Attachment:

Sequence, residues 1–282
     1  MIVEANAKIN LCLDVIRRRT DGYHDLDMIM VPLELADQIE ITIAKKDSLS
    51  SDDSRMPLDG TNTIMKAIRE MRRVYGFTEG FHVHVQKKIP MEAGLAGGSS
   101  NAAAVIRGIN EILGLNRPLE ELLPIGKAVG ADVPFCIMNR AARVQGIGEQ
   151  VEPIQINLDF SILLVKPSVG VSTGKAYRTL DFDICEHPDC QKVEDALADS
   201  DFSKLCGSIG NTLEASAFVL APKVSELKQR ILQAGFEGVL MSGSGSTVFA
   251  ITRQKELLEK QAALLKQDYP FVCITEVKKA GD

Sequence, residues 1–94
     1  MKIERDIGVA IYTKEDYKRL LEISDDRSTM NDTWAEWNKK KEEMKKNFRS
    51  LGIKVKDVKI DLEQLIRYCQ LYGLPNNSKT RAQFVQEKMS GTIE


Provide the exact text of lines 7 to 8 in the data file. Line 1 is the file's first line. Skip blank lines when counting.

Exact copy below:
   251  ITRQKELLEK QAALLKQDYP FVCITEVKKA GD

Sequence, residues 1–94